Revisiting Sherlock’s Unaired Pilot

  
For the first time in about three years, I just rewatched Sherlock‘s unaired pilot episode (available as part of the Series 1 DVD/Blu-Ray set). If you’re a fan of the series and haven’t watched it, I highly recommend a look at the hour-long story, which plays as a slightly AU version of the series’s first episode, A Study in Pink.

Notable things to watch for –

1. Hipsterlock: Sherlock is a floppy-haired, denim-clad London boy with a flat full of 90s-esque decor. It’s not hard to understand why, for the full series, the production decided to go a far more stylized route, but it’s massively entertaining to imagine the postgrad schlubbiness that might have been.

2. Emotional realism: In the aired version of A Study in Pink, John Watson begins to trust and defend Sherlock quite quickly, choosing not to take up Mycroft’s offer to spy on him and repudiating Holmes’s detractors when they come to his flat to search for illegal drugs. In spite of the pilot’s shorter runtime, the arc of John’s serious doubts turning to sincere trust is clearer, and his decision to bet on Holmes in the end has slightly more visceral emotional weight.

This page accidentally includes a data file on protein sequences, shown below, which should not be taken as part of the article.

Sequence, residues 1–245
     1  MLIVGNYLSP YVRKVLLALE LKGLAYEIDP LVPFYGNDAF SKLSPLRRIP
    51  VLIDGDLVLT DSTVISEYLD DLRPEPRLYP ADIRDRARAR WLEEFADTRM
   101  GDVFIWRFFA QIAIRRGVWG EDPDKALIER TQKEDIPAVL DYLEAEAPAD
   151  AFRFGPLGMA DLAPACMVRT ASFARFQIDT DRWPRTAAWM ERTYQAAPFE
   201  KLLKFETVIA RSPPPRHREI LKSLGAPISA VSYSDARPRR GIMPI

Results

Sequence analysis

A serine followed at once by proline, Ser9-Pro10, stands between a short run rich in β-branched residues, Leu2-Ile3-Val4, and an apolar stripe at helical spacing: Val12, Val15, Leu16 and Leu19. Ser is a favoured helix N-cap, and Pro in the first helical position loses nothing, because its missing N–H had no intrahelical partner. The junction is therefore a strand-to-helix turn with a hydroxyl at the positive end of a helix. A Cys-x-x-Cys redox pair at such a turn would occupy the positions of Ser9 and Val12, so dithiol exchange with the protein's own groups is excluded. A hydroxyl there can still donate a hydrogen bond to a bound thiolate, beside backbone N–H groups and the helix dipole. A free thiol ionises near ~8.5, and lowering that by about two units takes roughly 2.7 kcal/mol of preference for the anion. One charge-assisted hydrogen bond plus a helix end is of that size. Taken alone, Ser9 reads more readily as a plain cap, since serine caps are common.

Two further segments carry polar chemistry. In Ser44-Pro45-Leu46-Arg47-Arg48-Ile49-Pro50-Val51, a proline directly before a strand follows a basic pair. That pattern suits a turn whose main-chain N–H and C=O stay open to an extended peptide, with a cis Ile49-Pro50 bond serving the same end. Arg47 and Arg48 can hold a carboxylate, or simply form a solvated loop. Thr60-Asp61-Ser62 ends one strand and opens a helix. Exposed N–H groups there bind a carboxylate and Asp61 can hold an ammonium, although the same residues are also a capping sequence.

3. Where’s Mycroft? An hour is too short a time to contain all of the subplots in A Study In Pink, and Mark Gatiss’s ambiguous Mycroft Holmes is a notable casualty, appearing only as a name on an email Sherlock sends out. His absence makes the world of the pilot feel much smaller and less eerie than the London of the aired version.

4. Less Troubled Hero: The Sherlock of the pilot isn’t exactly at home in society, but he’s not as arrogant or acerbic as his eventual characterization. He’s also less of a risk-taker. Jeff the cabbie has to drug him to take him (very unwillingly) to the scene of his attempted demise, and it’s only at the very end of the encounter that Sherlock chooses the game over self-preservation. The final version paints a far more cold-blooded and striking picture of the lengths Sherlock is willing to go to in an effort to satisfy his curiosity and win the game regardless of the risks to his own safety.

5. Missing Arc: The final moments of A Study in Pink contain a yelled reference to Jim Moriarty, the story’s link to the overall arc of the series as a whole. The pilot contains no such mention (or implication that the cabbie is working with anyone else), likely because in a series of six one-hour episodes, which was the original intention for the show, Moriarty wouldn’t have needed to be referenced that early.

Batman Shot Bonus: The pilot contains a shot of Sherlock on a roof while John looks up at him from the ground and magically cheesy music swells in the background. It’s amazing and incredible and absolutely should not have made it to the aired version (and thankfully didn’t), but you owe it to yourself not to miss it.